Dr Kamal Munir on whether people’s confidence in microfinance can ever be restored | Video

World Finance interviews Dr Kamal Munir on whether people's confidence in microfinance can be restored

February 28, 2014

Microfinance was once considered a revolutionary tool, that would end poverty and empower communities. But tales of borrower suicides and the exploitation of the poor have tainted its image. Dr Kamal Munir from Cambridge Judge Business School, a lead professor of social change and stability, discusses why microfinance is disappointing the developing world and whether there’s a better alternative to it for the world’s poor.

World Finance: Well Dr Munir, there were such high hopes for microfinance. But five years on, why is it said to have disappointed the developing world?

Dr Kamal Munir: So how did we get from the ultimate panacea for global poverty alleviation, to what we see now? I think at least three things happened. As we scaled up and donor money dried up, more private capital came in, looking for returns on this. Now, it is one thing to engage in rhetoric suggesting that everyone, all poor women in the world, are entrepreneurs, but quite another to actually make them so. The mortality rate among small businesses is particularly high, so it was never really going to succeed. So one thing was, during scaling up, as subsidies went away, as operations got bigger, the whole thing simply transformed into what we call minimalist microfinance. Another thing was mission drift. Very quickly, people realised that the poorest were not always the most credit-worth people, so they shifted from the poorest to what they call poor. So the average loan size in this industry has been gradually going up.

The mortality rate among small businesses is particularly high, so it was never going to succeed

World Finance: Microfinance has received a lot of criticism for imposing debt, with some people even going as far as to say that some institutions are profiting from the ignorance of the poor. Well surely this is just about institutions profiting from some of the world’s poorest people?

Dr Kamal Munir: The majority if the assets that are being held in this industry are being held by banks now, who are looking for profits. The costs do tend to be high. If you are going to give out a loan to let’s say 10 people, and the loan size is £100,000 each, you only have 10 people to process. Now you could be dividing that amongst 1000 people, then the processing costs goes up. So the operational costs in microfinance do tend to be high. But still, they should not more than 10-15 percent of the cost of funds. What we see is much more than that, which actually falls into loansharking, which means that we are in the territory where people are making profits off the back of the poorest, the most vulnerable, needy people in society.

World Finance: One of the most contentious areas of microfinance is the level of interest on the loans as we just spoke about, so what happens if they can’t pay?

Dr Kamal Munir: What is supposed to happen is that they will be denied a loan in the next cycle, or there will be peer pressure exerted by the group, because it’s all based on group lending. What happens is, in order to escape that kind of pressure, in order to retain my social capital, I will try to go out and borrow from the village feudal lord, or the money lender, or somebody else in the village, and what often happens is that slowly I will exhaust all the different sources from whom I can borrow, or I will borrow on a short term basis from someone at very high interest rates, and I will get into a vicious cycle of debt.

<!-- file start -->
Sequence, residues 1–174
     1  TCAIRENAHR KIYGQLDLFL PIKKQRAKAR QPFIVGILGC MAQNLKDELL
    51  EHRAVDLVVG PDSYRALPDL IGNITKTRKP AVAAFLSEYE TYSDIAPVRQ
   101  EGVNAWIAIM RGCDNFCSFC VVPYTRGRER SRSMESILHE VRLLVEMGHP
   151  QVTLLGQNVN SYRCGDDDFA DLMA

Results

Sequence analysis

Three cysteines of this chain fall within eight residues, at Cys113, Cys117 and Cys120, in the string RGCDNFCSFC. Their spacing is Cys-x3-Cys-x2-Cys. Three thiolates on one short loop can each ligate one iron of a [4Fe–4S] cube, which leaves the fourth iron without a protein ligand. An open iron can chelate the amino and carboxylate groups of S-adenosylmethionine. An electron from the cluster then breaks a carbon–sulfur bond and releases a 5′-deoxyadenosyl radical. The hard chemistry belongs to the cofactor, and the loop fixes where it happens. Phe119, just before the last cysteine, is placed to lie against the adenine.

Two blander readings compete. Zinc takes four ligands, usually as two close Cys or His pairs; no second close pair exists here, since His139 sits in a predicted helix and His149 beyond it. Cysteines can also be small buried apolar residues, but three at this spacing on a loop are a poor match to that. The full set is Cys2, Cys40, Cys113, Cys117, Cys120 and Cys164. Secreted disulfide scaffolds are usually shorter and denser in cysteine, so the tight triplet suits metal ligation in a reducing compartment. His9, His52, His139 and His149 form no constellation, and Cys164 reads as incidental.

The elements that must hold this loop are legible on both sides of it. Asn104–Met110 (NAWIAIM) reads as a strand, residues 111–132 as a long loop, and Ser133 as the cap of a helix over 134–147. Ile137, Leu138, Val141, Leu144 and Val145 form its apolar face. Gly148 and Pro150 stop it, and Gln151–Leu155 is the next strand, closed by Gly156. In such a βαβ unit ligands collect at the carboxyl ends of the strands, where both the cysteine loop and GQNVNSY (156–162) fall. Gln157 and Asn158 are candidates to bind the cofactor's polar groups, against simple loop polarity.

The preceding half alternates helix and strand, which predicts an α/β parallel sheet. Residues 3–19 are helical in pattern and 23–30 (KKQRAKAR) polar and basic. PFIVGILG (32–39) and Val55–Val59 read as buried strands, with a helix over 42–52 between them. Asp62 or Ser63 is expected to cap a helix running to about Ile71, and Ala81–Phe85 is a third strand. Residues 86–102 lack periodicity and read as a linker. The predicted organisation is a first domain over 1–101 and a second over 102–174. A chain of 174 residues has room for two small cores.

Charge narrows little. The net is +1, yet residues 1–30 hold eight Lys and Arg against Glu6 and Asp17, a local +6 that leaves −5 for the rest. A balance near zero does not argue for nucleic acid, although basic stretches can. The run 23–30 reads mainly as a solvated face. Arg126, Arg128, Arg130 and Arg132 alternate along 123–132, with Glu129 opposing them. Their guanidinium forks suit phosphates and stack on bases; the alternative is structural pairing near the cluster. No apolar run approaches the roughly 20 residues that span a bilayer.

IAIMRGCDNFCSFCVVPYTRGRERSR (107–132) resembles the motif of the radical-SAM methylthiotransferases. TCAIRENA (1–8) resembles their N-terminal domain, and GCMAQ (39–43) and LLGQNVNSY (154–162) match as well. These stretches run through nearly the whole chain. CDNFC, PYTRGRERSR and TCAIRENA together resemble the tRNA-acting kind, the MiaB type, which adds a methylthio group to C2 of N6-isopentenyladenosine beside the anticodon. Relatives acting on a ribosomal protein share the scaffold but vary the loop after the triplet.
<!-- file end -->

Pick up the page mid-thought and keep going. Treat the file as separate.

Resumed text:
[P]eople realised that the poorest were not always the most credit-worth people, so they shifted from the poorest to what they call poor

World Finance: Do you think that microfinance concept then can be revisited to work better?

Dr Kamal Munir: If we are looking for poverty alleviation, we should know that so far the impact on poverty has been zero, off microfinance. And secondly, where poverty has been alleviated, has it been alleviated because of the success of microfinance, or has it been alleviated because of other reasons? So, for example, the alternative could be job creation. Countries that have pulled themselves out of poverty have done so by industrialising, by creating jobs, and the logic is simple to grasp. Because let’s say I give out one loan of £100,000 to one person, who sets up a stitching centre, or a factory to make garments, and employs 500 women there as stitchers. On the other hand, I give out loans of $200 each to let’s say 500 women. Now, which venture do you think has a higher probability of success?

World Finance: Well finally, are there better alternative to microfinance for the world’s poor?

Dr Kamal Munir: Micro-enterprises normally are businesses that help somebody survive, if that. And they do not generate employment, and they don’t produce enough returned earning which can be reinvested in the business and the business can be grown. So I think we would be much better off focusing on small and medium size enterprises.

World Finance: Dr Munir, thank you.

Dr Kamal Munir: Thank you very much.